Because of the number of activities and actors involved, water and sanitation service delivery is inherently complex. And as much as we may be drawn to the idea of straightforward technological or market-based solutions, this complexity means such solutions will never get us all the way to sustainable services for everyone – particularly for the poorest people in the hardest to reach and most remote areas.
It is not enough that one individual or organisation begins to perform better or that an improvement is made in some technical aspect of service delivery. The whole system of individuals, organisations, technologies and the institutions (political, financial, and regulatory) that link them needs to work more effectively. This is a messy reality with many incentives at play involving both national politics and the politics of aid.
Effectiveness in such systems starts with alignment, and alignment in turn comes through a shared vision or purpose – often requiring significant investment in understanding and 'accepting' the problem or challenge as a first key step.
But alignment of efforts also requires the alignment of incentives. Put simply, if the money in WASH is primarily focused on building hardware, then WASH actors will deliver hardware. If, instead, we want them to deliver good quality services, then we must pay them and assess them on their ability to deliver good quality services.
Over the past five years IRC has worked hard on driving and supporting change in rural water supply in Ghana, Uganda and other countries. From this experience we are starting to see the outlines of a replicable process for driving change emerge. It is important to stress that the precise details and, most importantly the pace of change, will vary across different country contexts, but our experience points to three broad phases, which are summarised in Figure 1 below.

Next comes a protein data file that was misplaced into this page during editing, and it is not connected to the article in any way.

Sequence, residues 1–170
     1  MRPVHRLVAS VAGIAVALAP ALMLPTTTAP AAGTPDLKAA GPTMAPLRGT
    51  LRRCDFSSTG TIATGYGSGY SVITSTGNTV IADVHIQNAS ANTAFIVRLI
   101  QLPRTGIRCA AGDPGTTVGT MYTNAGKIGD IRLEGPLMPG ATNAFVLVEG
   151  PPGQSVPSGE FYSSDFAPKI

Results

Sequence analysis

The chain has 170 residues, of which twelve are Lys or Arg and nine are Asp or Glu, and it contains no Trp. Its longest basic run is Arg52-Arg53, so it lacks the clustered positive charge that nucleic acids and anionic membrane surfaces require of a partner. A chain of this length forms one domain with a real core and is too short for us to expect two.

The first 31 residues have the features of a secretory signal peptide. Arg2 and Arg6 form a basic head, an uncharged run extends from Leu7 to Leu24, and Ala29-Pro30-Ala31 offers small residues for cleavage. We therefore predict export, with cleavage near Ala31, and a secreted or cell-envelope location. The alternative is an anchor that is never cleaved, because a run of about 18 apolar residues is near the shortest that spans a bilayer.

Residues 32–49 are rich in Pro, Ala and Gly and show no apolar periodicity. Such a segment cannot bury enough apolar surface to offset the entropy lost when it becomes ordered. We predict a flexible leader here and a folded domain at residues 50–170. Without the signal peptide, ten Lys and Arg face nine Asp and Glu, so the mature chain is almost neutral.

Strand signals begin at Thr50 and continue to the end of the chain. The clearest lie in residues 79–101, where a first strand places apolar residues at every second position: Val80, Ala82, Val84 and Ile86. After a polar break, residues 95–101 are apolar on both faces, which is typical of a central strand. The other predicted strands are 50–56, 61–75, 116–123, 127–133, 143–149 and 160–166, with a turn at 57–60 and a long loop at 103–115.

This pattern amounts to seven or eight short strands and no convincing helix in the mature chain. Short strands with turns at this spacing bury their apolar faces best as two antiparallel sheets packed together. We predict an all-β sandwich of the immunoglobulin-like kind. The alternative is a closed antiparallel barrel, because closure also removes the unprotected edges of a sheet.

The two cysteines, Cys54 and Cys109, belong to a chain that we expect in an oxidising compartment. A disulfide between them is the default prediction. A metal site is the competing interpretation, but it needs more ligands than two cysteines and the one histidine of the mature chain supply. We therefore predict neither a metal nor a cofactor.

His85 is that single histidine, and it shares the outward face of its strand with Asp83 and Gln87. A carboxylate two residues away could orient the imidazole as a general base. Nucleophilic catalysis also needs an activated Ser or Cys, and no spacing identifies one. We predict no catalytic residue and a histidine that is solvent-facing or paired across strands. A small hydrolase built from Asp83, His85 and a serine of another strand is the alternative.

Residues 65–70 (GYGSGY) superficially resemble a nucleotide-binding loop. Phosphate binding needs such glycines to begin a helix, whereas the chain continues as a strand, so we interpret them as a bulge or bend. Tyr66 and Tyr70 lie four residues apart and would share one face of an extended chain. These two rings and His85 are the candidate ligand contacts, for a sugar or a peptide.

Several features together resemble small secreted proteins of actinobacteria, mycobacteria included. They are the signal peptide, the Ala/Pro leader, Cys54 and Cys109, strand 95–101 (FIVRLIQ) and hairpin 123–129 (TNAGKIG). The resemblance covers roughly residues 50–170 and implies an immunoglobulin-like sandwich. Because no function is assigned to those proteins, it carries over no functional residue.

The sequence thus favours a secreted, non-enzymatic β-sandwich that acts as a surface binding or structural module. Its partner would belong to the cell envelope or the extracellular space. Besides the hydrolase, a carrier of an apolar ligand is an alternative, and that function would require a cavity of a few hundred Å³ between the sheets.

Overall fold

Figure 1: The phases of change
Phase 1: is all about creating shared perception of the need for change: the vision. In practical terms this means carrying out (or collating existing) research into the current state of water (or sanitation) service provision and then bringing this evidence to the table to trigger interest in and demand for change: the diagnosis.
The triggering of interest and creation of broad intention to change (at least among initial champions and leaders) typically takes a year or two depending on the existing level of convergence and the willingness to collaborate. Critical activities revolve around building the foundations for change: establishing dialogue and trust between partners, including joint reflection and analysis of the main challenges at national and more local levels. IRC's EMPOWERS and Triple-S project resulted in a number of tools that can help support this process: the framework for stakeholder dialogue, the principles framework and the sustainability assessment tool for diagnosing what's working and what's not, and guidelines to support shared visioning, scenario building and strategic planning.
The intensity of these activities will drop off over time but will continue to be required in some form throughout the change process – as new challenges arise and actors enter the playing field. A critical outcome of this phase is the shared vision of success or the end state that is desired by all stakeholders.
Phase 2: revolves around learning and testing: searching for practical, actionable solutions to long-term, underlying problems that are preventing either universal access to, or the sustainability of, services. These are likely to be both strategic and more operational: updating or harmonising existing policy and legislation that may be absent or incomplete; and/or trialing and testing, through action research, new ways of monitoring for service delivery, improving asset management, creating demand for sanitation, clarifying roles and mandates at the local level and so on.